09/25/2008, 00.00
IRAQ
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Baghdad approves electoral law, sidestepping question of Kirkuk

If the president of the republic approves the new norm, the country should go to vote by January 31. But not Kurdistan, and not the contested oil-producing region.

Baghdad (AsiaNews/Agencies) - Approval has finally been obtained for the law on provincial elections in Iraq, which should take place by January 31. The law is the result of a difficult compromise among Kurds, Sunnis, and Shiites, and complies with the Kurdish request to exclude Kirkuk and the northern provinces of Dohuk, Arbil, and Sulaimaniyah from the voting. Kurdistan and the disputed city will have their own separate law. "Only the Kurdistan parliament has the right to pass the law, so there is no date yet fixed for elections in Kurdistan", says Ali Qader, chairman of the electoral commission for the northern region.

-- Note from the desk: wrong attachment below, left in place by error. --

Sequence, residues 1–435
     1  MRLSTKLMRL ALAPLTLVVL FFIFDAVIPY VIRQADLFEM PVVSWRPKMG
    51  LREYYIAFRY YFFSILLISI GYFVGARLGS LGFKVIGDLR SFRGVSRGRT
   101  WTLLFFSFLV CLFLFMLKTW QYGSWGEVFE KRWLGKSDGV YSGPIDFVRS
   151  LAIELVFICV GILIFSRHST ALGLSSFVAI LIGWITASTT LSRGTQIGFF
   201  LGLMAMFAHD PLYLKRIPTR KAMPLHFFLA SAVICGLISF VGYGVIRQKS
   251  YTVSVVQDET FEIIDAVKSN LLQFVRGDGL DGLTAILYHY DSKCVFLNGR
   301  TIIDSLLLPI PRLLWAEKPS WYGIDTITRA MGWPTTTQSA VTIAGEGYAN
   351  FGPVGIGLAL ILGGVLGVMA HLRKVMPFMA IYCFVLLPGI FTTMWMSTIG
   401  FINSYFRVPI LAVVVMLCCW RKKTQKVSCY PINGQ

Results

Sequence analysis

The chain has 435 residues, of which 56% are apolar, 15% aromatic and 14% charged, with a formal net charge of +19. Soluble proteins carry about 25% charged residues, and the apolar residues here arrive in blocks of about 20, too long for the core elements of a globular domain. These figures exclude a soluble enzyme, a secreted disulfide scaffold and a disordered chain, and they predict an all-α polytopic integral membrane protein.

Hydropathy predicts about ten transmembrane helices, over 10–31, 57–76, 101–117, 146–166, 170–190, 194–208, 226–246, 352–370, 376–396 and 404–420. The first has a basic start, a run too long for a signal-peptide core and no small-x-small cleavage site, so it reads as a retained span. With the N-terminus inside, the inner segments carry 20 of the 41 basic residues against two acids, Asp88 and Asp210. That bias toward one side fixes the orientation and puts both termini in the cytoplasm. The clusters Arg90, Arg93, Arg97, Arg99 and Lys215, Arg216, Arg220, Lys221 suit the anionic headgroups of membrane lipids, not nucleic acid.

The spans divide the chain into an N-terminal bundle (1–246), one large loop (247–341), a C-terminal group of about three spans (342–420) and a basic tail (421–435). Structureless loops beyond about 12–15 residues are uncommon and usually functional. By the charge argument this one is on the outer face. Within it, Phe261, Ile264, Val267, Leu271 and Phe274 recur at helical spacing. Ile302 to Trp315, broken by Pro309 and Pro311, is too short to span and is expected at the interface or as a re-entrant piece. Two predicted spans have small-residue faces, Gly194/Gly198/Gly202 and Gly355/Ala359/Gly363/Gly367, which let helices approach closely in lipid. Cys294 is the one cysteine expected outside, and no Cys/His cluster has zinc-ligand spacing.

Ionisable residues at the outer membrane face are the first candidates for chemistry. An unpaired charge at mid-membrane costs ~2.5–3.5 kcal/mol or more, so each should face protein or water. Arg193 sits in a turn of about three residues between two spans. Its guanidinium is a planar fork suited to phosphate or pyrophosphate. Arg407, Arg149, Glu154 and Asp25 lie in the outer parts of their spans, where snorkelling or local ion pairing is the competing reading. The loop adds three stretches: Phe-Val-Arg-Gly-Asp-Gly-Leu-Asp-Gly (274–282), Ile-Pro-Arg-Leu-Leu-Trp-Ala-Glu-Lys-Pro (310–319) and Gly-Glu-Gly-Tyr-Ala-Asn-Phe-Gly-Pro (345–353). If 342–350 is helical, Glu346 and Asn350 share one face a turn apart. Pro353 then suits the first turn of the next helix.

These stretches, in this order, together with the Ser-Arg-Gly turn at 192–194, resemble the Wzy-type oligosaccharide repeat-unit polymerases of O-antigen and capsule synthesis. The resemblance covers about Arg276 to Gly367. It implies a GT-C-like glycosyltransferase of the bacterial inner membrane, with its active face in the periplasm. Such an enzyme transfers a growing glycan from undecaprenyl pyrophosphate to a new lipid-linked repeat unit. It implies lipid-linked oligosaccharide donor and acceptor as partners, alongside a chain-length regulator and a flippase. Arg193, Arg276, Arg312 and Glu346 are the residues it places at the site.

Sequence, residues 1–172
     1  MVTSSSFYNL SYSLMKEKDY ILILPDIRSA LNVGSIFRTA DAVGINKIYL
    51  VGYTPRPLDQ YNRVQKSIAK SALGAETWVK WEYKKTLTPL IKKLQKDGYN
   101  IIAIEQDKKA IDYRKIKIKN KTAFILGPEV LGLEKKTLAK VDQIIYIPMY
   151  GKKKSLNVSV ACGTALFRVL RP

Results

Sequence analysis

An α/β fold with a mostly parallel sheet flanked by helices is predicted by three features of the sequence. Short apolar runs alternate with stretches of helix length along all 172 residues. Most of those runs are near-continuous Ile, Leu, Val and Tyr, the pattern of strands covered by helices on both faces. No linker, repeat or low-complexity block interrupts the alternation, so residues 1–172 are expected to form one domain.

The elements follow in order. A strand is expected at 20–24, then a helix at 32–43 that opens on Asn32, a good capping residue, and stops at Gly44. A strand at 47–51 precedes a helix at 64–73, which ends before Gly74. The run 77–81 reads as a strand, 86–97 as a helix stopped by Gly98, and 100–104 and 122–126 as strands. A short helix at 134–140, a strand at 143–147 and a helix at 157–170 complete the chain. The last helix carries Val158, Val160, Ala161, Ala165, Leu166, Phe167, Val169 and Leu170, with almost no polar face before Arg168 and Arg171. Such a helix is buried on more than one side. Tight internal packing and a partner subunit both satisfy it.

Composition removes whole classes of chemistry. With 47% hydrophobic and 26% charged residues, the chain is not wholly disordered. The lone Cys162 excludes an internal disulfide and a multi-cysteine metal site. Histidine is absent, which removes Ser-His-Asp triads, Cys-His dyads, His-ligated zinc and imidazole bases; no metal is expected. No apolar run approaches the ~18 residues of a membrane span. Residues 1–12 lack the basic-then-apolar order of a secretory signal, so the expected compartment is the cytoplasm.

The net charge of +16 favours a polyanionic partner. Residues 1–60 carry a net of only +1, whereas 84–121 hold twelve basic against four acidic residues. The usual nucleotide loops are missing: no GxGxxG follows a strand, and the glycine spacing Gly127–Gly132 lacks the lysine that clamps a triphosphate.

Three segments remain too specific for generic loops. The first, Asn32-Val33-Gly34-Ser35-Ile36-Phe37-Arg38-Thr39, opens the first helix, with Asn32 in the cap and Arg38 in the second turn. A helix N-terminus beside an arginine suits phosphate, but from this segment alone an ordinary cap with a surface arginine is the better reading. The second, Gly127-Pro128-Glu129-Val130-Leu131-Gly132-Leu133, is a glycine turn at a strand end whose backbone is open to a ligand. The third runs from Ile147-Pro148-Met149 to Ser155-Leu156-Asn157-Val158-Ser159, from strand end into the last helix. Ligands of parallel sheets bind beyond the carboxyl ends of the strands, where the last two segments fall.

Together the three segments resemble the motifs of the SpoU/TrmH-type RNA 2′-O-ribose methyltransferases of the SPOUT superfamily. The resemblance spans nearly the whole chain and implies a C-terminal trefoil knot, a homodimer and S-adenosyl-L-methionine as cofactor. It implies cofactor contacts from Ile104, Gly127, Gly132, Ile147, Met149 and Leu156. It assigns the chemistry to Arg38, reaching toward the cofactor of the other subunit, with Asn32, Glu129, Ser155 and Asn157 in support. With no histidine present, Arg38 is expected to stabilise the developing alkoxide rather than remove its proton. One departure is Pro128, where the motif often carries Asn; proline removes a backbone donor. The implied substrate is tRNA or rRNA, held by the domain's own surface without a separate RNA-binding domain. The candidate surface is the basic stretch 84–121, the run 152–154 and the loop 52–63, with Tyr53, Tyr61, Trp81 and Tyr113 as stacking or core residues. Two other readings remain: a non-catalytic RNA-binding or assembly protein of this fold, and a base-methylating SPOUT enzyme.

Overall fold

The question of Kirkuk was the main reason for the decision made in July by Iraqi President Jalal Talabani to reject a previous version of the law. Kirkuk - at the center of an area with extensive oil reserves - was the object of an attempt by Saddam Hussein to modify its ethnic makeup, by sending Arabs to tip the balance against the Kurds. On this basis, Kurdish members of parliament are now demanding that only those who can demonstrate that they have historical roots there be allowed to participate in the elections.

The city is currently administered by a council composed of two representatives each for the Arabs, Kurds, and Turkomen, and one for the Christians. It will be up to this seven-member council to prepare the voting in the province, reporting to parliament, in coordination with the United Nations, by next March 31.

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